Why Are Most Snowflakes Unique?

The picture is an electron microscope shot of a snowflake.

It is pretty obvious if you think about it, but, just in case you are in a hurry:

Snowflakes all start in the shape of frozen water crystals, and at their most basic may be a simple hexagonal plate. But as a snowflake makes its way through the sky, the different conditions it encounters affect its growth. Dirt or dust particles can cause the pattern to alter, as can temperature and amount of vapor in the air. Lower vapor concentrations cause a snowflake to grow more slowly and produce less intricate specimens, while the lacey shapes we most associate with snowflakes are more likely to form in higher vapor concentrations, or in colder conditions such as those in high-altitude cirrus clouds. “Ice crystals take on more complex shapes—called polycrystals—in these low temperature and vapor concentration environments,” says Verlinde.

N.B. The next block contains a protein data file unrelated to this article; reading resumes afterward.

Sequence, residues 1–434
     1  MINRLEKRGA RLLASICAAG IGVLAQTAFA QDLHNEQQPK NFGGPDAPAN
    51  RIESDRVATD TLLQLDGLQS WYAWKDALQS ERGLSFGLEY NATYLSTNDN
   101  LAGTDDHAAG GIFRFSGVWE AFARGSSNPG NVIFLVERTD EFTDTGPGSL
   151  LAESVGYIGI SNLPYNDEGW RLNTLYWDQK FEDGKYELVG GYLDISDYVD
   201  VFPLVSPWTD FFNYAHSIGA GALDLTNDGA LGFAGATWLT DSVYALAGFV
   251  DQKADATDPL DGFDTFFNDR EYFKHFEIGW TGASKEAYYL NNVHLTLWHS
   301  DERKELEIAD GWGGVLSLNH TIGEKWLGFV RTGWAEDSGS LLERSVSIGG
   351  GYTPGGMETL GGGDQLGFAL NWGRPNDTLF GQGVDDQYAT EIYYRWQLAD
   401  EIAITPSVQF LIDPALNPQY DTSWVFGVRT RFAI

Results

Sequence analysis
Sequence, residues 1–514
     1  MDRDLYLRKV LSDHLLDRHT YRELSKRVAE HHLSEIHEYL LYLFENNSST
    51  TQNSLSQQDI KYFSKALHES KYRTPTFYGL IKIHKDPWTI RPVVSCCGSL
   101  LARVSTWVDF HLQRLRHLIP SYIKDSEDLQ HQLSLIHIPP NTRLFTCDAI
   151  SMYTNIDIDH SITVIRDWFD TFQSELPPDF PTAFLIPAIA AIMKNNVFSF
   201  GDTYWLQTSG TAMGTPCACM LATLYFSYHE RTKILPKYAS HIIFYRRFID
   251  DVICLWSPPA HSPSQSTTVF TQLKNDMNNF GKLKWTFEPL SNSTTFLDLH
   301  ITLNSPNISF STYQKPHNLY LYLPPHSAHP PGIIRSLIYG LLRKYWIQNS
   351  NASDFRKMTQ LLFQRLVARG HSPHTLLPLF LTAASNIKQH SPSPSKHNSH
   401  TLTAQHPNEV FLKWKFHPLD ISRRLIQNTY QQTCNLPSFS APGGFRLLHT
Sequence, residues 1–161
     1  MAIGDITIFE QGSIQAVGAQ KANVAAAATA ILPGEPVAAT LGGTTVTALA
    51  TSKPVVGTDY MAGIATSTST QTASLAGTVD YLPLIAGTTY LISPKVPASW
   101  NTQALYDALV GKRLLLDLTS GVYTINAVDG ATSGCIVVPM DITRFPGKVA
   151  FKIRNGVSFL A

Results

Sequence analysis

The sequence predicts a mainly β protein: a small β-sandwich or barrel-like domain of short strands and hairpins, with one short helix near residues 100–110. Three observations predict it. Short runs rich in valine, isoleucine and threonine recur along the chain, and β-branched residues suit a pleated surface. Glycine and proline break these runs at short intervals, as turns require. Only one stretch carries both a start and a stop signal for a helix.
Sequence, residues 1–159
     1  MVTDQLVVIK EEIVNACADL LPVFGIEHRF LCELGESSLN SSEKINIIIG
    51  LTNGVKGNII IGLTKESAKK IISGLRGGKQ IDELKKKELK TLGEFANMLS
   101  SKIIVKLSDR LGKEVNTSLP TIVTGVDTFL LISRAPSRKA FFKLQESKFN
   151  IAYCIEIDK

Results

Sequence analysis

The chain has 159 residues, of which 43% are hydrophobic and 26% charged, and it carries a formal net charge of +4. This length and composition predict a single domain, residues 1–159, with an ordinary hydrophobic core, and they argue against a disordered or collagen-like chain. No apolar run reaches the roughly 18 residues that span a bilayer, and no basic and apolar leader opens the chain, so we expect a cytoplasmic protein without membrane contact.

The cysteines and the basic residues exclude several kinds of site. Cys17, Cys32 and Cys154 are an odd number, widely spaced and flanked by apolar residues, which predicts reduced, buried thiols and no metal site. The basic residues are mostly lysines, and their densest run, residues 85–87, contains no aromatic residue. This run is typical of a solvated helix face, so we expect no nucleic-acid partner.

Totally irrelevant to the topic btu kind-of related to the article, an EM picture of an octopus larvae:


..and shark skin, baby:



Probing Question: Is each snowflake really unique?

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